Sunday, June 17th, the Boston Herald published an editorial, Autism suit puts others at risk. There the unnamed writer dismissed the parents’ case as absolutely without merit. “We are aware of nothing that justifies changing the conclusion of a special committee of the Institute of Medicine, part of the National Academy of Sciences, three years ago: ‘The body of epidemiological evidence favors rejection of a causal relationship between the MMR vaccine and autism,’ and ditto for vaccines containing the preservative in question, thimerosal. In plain English, children get autism at the same rate whether vaccinated or not, whether the vaccine contains thimerosal or not. The committee could find no evidence to support various postulated mechanisms by which autism might result from vaccination.”
Monday, June 18th ABC Nightly News ran a story about how the autism controversy is affecting the Wright family. The founders of Autism Speaks and their daughter Katie epitomize how deep the divide is. ABC News of course had to note in the report that with regard to vaccines causing autism, “There is no scientific evidence that is the case. None.”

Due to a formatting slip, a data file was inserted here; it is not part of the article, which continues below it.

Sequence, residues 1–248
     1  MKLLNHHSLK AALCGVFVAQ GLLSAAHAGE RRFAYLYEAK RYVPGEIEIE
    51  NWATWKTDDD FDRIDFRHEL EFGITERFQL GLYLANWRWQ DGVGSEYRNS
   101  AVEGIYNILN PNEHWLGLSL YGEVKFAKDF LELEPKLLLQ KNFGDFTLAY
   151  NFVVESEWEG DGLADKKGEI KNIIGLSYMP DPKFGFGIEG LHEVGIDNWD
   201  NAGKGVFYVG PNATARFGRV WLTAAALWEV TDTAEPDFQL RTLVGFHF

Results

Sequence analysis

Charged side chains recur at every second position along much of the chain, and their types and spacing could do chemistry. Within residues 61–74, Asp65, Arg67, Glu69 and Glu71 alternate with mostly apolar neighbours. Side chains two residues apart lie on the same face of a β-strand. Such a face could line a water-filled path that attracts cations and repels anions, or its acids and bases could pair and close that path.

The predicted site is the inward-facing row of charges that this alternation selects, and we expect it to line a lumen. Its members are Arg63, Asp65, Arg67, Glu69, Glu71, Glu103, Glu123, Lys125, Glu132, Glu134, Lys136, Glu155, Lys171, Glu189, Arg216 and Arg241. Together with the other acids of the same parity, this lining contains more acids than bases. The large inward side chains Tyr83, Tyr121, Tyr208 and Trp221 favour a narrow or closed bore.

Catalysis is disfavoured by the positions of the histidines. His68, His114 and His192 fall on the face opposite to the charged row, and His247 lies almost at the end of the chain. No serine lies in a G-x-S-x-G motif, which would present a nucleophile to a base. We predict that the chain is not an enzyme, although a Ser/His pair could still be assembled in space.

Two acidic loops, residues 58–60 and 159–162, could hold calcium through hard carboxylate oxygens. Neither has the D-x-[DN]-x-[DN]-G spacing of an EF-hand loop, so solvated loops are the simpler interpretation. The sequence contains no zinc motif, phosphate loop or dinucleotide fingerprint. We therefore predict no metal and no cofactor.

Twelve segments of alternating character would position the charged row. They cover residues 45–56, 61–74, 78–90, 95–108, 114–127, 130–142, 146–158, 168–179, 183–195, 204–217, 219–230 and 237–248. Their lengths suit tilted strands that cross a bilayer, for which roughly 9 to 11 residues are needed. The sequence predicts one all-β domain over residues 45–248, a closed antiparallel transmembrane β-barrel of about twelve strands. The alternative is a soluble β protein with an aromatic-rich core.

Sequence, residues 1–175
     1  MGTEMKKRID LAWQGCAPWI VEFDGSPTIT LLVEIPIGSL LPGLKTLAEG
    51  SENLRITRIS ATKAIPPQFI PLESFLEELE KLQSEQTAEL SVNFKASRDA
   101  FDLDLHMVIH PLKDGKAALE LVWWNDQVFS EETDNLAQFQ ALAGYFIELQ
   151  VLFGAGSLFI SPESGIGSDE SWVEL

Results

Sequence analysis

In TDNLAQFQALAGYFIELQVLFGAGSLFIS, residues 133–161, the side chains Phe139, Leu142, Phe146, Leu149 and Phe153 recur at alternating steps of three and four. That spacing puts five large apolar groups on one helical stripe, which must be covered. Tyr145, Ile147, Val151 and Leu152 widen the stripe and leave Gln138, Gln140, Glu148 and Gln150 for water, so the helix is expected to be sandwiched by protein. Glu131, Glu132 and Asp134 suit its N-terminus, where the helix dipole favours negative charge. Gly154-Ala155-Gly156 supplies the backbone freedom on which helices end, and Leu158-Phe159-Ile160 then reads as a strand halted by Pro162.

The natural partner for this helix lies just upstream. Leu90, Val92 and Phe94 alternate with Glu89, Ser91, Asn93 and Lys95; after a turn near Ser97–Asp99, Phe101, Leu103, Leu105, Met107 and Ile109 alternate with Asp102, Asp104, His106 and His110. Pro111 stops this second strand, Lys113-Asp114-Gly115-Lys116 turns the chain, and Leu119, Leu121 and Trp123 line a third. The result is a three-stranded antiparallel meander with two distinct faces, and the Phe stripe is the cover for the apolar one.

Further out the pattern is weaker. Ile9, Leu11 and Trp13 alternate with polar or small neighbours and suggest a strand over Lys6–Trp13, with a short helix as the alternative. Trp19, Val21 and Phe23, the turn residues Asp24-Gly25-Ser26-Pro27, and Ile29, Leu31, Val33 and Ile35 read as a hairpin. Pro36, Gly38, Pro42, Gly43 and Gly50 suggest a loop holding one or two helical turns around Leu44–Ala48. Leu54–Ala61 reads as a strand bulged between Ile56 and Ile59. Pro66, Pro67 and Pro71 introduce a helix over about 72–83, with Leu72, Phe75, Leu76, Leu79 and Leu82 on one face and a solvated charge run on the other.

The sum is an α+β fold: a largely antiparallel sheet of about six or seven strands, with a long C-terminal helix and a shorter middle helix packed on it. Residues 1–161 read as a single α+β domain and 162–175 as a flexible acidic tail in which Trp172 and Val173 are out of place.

Every time I hear that pronouncement I want to shout, “How can you defend injecting mercury into children when it was never tested and approved by the FDA before it was put into use?” I’ve asked that question of countless reporters and no one has ever answered it.
These news reports all week sounded like press releases for those with everything at stake in the fight and not objective journalism. Readers would sadly come up empty if they were to search for major stories quoting any of the expert witnesses for the parents. What’s implied of course is that there were none. It seemed as if news outlets were beating themselves over the head trying to put the claim that vaccines cause autism on a par with the flat Earth theory.
It was never noted in these articles that if the parents were proved right and the explosion in the autism rate is connected to the coincidental increase in the childhood vaccine schedule, especially the increase in mercury-containing vaccines, this will go down as the worst medical mistake in history. The implications are enormous.